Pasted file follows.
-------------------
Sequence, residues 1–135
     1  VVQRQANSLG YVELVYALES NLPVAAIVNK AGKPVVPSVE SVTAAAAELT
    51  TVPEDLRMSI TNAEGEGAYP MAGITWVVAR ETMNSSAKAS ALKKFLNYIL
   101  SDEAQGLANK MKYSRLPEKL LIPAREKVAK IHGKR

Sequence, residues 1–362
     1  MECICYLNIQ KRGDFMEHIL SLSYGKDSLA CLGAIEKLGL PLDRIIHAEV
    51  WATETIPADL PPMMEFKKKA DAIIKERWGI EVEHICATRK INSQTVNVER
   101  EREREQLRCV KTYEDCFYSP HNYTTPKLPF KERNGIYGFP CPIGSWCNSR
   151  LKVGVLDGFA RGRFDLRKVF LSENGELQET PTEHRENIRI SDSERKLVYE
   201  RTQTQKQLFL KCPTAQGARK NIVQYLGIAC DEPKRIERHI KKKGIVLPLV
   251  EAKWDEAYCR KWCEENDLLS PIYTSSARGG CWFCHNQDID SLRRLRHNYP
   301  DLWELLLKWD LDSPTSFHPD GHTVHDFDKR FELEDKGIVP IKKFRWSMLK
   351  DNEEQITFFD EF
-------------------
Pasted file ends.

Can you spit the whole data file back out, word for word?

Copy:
Sequence, residues 1–135
     1  VVQRQANSLG YVELVYALES NLPVAAIVNK AGKPVVPSVE SVTAAAAELT
    51  TVPEDLRMSI TNAEGEGAYP MAGITWVVAR ETMNSSAKAS ALKKFLNYIL
   101  SDEAQGLANK MKYSRLPEKL LIPAREKVAK IHGKR

Sequence, residues 1–362
     1  MECICYLNIQ KRGDFMEHIL SLSYGKDSLA CLGAIEKLGL PLDRIIHAEV
    51  WATETIPADL PPMMEFKKKA DAIIKERWGI EVEHICATRK INSQTVNVER
   101  EREREQLRCV KTYEDCFYSP HNYTTPKLPF KERNGIYGFP CPIGSWCNSR
   151  LKVGVLDGFA RGRFDLRKVF LSENGELQET PTEHRENIRI SDSERKLVYE
   201  RTQTQKQLFL KCPTAQGARK NIVQYLGIAC DEPKRIERHI KKKGIVLPLV
   251  EAKWDEAYCR KWCEENDLLS PIYTSSARGG CWFCHNQDID SLRRLRHNYP
   301  DLWELLLKWD LDSPTSFHPD GHTVHDFDKR FELEDKGIVP IKKFRWSMLK
   351  DNEEQITFFD EF